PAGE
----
Suicide attempt more common among Muslim adults than people of other faiths
Muslim adults in the U.S. were twice as likely to report a history of suicide attempt compared with individuals from other faith traditions, according to results of a survey in a research letter published in JAMA Psychiatry.
“There are very few studies on suicide and Muslims, particularly in the U.S.,” Rania Awaad, MD, director of the Stanford Muslim Mental Health & Islamic Psychology Lab at Stanford University School of Medicine, told Healio Psychiatry. “Our study aimed to understand the increasing number of suicide attempts in U.S. Muslims we were seeing anecdotally and in clinical settings.”
Awaad and colleagues analyzed data of participants of the 2019 Institute for Social Policy and Understanding national community-based survey, which was conducted via phone and online in January 2019. Participants self-reported demographic information and self-identified their religion as agnostic, atheist, Buddhist, Catholic, Christian, do not know, Hindu, Jewish, Mormon, Muslim, no religion, Orthodox, Protestant, something else or Unitarian. They also self-identified their race and ethnicity as African American, Arab, Asian/Chinese/Japanese/Indian/Pakistani, Native American/American Indian/Alaska Native, Native Hawaiian/Pacific Islander, mixed, Hispanic, white or other.
The survey also investigated lifetime suicide attempt via the following question, adapted from the Columbia-Suicide Severity Rating Scale: “Have you ever tried to do anything to try to kill yourself or make yourself not alive anymore?”
The researchers included 2,376 participants in the sample. Of these, 34% were Muslim, 52% were men, 65% were white, 34% were aged 30 years to 49 years, 29% had an annual income of more than $100,000, 31% had a bachelor’s degree, 48% considered religiosity very important, and 81% were born in the U.S.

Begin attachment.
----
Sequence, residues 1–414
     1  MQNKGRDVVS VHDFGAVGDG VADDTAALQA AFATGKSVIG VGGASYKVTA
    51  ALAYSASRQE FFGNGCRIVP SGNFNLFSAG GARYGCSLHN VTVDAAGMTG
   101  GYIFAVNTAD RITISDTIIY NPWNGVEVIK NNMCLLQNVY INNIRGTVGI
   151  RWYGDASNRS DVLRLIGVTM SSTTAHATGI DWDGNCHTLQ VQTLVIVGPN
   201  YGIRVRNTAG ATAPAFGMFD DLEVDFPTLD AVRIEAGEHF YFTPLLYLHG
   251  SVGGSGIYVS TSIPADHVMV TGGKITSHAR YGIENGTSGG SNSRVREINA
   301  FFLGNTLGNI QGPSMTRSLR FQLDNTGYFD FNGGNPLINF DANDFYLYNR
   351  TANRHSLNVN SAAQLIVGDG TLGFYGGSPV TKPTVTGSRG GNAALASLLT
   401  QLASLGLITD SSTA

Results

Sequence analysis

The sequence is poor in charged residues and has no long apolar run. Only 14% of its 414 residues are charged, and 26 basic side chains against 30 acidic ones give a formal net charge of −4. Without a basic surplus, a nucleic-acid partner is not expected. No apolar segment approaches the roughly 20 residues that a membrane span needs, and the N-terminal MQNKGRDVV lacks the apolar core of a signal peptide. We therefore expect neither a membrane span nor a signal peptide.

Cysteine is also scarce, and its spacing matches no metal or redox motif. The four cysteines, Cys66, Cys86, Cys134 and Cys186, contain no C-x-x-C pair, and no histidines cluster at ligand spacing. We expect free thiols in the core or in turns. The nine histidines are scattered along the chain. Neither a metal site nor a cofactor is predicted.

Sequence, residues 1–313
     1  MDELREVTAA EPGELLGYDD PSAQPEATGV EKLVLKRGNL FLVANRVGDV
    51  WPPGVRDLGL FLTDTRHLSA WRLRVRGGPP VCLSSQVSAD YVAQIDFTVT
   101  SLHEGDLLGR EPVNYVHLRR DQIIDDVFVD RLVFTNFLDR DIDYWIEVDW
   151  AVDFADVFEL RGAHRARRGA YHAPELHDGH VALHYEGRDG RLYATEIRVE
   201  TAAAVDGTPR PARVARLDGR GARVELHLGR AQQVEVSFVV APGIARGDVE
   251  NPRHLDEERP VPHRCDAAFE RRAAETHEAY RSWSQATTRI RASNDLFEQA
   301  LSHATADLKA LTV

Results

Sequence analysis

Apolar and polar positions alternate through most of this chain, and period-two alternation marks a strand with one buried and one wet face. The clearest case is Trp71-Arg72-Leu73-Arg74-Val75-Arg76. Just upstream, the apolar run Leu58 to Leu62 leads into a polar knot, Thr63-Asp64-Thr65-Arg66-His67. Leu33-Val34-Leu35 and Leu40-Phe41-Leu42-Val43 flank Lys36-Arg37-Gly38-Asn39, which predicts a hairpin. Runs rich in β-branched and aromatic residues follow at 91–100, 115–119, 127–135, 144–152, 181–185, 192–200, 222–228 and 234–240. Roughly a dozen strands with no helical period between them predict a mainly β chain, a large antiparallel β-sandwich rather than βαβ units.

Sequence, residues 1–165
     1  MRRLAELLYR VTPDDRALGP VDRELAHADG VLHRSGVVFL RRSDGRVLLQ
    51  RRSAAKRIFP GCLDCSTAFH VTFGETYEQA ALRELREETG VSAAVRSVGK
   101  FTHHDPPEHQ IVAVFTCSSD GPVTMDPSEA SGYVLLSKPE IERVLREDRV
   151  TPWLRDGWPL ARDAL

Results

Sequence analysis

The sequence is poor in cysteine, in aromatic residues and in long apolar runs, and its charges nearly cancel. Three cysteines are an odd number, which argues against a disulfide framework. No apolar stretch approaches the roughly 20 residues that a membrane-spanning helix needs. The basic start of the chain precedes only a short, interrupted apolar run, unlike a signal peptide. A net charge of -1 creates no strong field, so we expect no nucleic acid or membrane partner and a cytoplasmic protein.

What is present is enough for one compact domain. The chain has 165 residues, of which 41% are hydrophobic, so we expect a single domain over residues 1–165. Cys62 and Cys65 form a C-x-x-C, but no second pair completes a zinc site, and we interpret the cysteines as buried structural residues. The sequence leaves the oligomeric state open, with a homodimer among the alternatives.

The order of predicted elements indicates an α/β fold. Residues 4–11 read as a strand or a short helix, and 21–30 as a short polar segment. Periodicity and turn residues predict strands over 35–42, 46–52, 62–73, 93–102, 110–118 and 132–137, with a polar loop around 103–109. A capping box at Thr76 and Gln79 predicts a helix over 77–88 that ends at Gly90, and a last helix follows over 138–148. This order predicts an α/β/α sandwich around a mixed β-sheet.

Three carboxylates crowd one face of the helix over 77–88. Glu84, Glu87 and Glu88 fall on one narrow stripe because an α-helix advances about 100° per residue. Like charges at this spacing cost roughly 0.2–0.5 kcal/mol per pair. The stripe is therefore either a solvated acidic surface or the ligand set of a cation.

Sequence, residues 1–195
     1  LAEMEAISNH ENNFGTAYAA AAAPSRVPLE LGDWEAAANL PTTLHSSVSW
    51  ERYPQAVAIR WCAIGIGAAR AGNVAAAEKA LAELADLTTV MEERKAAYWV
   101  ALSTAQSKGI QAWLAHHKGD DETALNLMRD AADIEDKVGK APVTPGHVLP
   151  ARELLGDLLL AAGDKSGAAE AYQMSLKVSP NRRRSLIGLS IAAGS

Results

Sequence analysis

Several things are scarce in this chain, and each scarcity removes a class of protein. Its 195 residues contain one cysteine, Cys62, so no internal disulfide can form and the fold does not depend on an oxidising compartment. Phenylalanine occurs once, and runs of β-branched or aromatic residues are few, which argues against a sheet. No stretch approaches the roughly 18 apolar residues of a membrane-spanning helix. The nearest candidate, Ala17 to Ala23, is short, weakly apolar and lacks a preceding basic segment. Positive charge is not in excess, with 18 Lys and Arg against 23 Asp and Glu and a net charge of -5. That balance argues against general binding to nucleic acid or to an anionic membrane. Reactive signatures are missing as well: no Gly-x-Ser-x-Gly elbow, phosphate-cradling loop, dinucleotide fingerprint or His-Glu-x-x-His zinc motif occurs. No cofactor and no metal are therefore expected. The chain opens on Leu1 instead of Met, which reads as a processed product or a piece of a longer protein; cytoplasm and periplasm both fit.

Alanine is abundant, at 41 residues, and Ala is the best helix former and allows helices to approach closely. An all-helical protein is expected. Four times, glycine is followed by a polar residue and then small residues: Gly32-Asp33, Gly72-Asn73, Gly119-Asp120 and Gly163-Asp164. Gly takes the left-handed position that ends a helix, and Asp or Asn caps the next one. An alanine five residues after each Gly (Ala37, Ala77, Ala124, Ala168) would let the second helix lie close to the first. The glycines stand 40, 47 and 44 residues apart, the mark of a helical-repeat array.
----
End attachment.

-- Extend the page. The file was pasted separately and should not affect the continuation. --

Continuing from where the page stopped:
Results showed 7.9% of Muslim, 5.1% of Protestant, 6.1% of Catholic and 3.6% of Jewish participants reported a lifetime suicide attempt. Muslim participants 2.18 (95% CI, 1.13-4.2) times more often reported a lifetime suicide attempt compared with Protestant participants after adjustment for demographic factors. Those who identified as Jewish, Catholic, atheist/agnostic and other Christian denomination did not have significantly different odds of reporting past-year suicide attempt as Protestant participants. The researchers noted level of religiosity did not affect odds of reporting suicide attempt.
“Our finding that U.S. Muslims had twice the rate of suicide attempts as members of other faith and non-faith groups is alarming and needs to be studied in more depth to better understand if this trend is reversing,” Awaad said. “This also changes the discourse within the Muslim community that faith alone prevents depression or suicidality, with this finding a wake-up call for the American Muslim community that draws attention to the potential scale of the problem. Furthermore, considering the differences in our findings between Muslims and members of other faith/non-faith groups, it is imperative that suicide response efforts are specifically custom-tailored to this faith-based population.”